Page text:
Reply
  5. Melissa

    Preach it sister!I live in a 100yr old Sears Craftsmen home. Oh so much electrical had to be ripped out on the basement they finished/er didn’t finish and it seems like every other day we find something that was done cheaply, or a shortcut was taken.

    Thankfully nothing as huge as you, that we have found, yet. Just lots and lots of little tedious things that add up to time and money and irritation! Like apparently they didn’t have a ruler and everywhere molding is falling down b/c they didn’t use the right size nails or there is a gap around an outlet because they cut the the hole too big. It’s insane!

    Do it right or don’t do it!

    Reply
  6. sarah-anne

    no way! my dad teaches building codes (he’s in the architecture dept.) and he would cringe. for serious.
    can’t wait for the next part you little sassy tease! :)

    Reply
  7. Suzanne

    I think we covered this, but you and I live in parallel lives, at least as far as housing is concerned. Somewhere in out 100-year old Craftsman’s life, the owners finished half our top floor – badly. For example, when they needed an angled door to lead into the unfinished, uninsulated section under the eaves, did they buy an appropriate door? No ma’am, they did not. They just sawed the top off a $20 hollow-core. Beautiful work. Don’t get me started on what they called the “heating system”. I can’t wait to see your finished space!

    Reply
  8. Shelley

    You guys rock. As a former architectural designer, I get so excited when real-life people take on this kind of project. Knocking down walls, reconfiguring space – hard to get more exciting!

    Reply
  9. Elaine

    I’m just curious if you’re keeping the “real” built-ins because they are pretty nice. But if it’s ALL going then I guess not! Good luck, I hope the work goes swiftly and I’m sure it will look great when you’re done! :)

    Reply
    • AllisonO

      We thought about it, but it would have been too much detail work to be worth it. We do plan on putting in something very similar in the new hallway, though!

      Reply
  10. CM

    What a challenge, sounds frustrating. Good luck with the remodel. It will be a lot of work but worth it in the end.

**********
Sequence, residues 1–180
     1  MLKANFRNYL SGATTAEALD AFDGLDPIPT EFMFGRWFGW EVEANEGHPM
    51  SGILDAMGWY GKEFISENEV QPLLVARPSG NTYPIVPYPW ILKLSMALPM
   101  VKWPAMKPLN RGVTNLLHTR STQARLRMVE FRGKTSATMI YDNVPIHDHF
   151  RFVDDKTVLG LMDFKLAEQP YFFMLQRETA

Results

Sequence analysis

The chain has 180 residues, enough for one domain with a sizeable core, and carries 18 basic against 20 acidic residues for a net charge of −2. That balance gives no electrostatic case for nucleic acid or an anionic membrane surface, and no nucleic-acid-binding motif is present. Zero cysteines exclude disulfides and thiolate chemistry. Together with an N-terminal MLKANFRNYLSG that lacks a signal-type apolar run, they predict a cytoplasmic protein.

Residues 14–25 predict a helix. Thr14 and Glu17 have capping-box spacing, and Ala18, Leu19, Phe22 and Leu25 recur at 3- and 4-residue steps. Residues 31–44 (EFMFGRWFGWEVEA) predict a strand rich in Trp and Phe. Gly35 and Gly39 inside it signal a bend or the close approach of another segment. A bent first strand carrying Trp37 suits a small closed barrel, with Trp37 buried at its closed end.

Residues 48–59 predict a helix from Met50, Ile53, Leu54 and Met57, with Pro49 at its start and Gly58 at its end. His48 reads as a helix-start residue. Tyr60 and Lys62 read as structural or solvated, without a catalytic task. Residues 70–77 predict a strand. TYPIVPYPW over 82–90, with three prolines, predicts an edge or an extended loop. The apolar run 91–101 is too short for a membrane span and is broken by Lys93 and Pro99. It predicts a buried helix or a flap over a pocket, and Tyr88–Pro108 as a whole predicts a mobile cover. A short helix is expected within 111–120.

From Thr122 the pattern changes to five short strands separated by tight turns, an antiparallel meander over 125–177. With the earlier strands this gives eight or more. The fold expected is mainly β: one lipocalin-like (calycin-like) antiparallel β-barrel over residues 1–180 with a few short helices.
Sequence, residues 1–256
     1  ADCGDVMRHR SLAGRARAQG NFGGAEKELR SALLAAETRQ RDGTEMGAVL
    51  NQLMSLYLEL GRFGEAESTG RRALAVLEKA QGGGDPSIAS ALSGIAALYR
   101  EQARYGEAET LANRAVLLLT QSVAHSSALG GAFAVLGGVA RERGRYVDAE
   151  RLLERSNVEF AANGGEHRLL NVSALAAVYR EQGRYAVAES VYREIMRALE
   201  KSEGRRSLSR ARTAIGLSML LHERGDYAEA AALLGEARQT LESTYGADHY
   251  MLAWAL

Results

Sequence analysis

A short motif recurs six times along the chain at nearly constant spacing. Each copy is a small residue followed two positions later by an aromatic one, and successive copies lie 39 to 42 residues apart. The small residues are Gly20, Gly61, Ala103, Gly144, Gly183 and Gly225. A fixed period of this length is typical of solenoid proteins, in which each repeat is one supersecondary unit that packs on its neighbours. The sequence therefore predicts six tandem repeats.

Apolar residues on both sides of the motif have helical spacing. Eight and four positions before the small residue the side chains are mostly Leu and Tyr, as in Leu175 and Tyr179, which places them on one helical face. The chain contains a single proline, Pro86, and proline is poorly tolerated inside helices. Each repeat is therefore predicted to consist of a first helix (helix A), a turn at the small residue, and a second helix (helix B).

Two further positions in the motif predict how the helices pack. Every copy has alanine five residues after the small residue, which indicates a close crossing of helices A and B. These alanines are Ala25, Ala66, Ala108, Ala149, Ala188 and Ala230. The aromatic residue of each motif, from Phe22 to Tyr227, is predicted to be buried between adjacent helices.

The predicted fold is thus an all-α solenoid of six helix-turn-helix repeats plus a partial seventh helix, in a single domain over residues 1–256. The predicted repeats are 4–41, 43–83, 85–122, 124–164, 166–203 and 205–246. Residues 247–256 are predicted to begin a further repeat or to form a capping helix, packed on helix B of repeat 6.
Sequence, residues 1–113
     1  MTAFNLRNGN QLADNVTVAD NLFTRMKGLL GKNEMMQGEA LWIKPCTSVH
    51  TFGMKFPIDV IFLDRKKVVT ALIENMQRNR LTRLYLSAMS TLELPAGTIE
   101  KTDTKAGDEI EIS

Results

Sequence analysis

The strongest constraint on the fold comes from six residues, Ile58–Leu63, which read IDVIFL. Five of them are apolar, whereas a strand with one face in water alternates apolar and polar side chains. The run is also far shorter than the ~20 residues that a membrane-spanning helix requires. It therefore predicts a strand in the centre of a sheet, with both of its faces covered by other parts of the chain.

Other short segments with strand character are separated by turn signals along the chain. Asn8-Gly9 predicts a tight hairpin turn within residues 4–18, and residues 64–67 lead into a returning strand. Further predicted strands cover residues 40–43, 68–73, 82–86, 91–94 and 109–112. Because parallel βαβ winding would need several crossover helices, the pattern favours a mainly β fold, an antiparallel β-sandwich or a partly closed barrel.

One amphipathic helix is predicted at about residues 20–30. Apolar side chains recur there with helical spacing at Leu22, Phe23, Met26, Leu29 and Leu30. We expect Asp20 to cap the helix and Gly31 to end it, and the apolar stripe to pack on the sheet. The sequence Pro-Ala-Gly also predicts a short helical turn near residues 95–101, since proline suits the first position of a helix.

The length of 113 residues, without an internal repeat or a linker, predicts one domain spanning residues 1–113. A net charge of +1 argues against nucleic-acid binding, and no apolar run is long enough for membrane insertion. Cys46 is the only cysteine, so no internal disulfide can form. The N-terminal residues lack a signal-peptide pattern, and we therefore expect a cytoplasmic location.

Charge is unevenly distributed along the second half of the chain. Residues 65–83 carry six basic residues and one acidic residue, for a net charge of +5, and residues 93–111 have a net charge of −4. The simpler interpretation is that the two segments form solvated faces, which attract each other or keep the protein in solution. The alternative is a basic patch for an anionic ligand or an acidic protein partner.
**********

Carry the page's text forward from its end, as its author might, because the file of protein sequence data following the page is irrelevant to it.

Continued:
Reply
  11. jen

    ohmydearness.
    wowza.
    we had / have some of the same issues. awfully awful previous owners. we thought the moulding was the only problem. seemed a bit … off.
    had no idea about the $30,000 worth of shtuff we’d have to do in order to LIVE IN THE HOUSE. seriously. we couldn’t live in more than 1/2 of our house (including the bathtub area – with kids!) until it was fixed.
    the moulding?
    just the tip of the iceberg.
    oh … and it looked off because there were THREE different trims. one for each side. gah.

    Reply
  12. Kellyn

    Now this I can’t wait to see!

    We have a TON of shaddy work in our house too, and are slowly correcting what the previous owners did. It takes time, but we want to make sure we do it right!

    Reply
  13. EvC

    You are my hero(s)! I guess the good thing is *most* of it is contained upstairs, right? I love (finished) home projects but emotionally don’t handle them well. My husband likes to remind, errr imitate, me reacting to him refinishing and painting the wood trim in our house while I was pregnant and very emotional.

    Reply
  14. The Mom Venture Blog

    When we bought our 1923 home, we had planned on fixing it up and selling it eventually. At the time we had 1 kid and 1 on the way. Now, 4 years later, we have 3 kids in a 2 bedroom house that we still haven’t fixed up because there was so much more work to do than we thought and we just don’t have the money! Lots of “what in the world was the guy thinking?” kinds of stuff, I mean, tile for the kitchen countertop? 2 vinyl windows at the front of the house that are horribly fitted and air blows through the sides!! Among other things……We’ve started doing some painting and there are a few other cosmetic things we are going to do, but we’ve decided we’re just going to try and sell it and find a 3 bedroom home. I still think it would be awesome if we could just add on to this place and stay here and just gradually fix it up(the artist in me coming out), but I don’t think that’s gonna happen. I hate to move though because we’ve always had great neighbors!

    Can’t wait to see how your remodel turns out! (-:

    Reply
  15. Stacey

    My dad built the house I grew up in and installed all the electrical outlets “upside down” with the ground pin on top. (I put ” ” because I’m not 100% sure if the direction of the plug is part of code.) I ask him all the time why he did it, but of course, I never remember what he says. I did Google it once and someone explained that if something were to fall on the upside down plug, it would touch the ground pin first which would decrease the chance of an electrical fire.

    Now I live in a house with two-prong outlets, so I would take upside down three-prong outlets anyday!

    Reply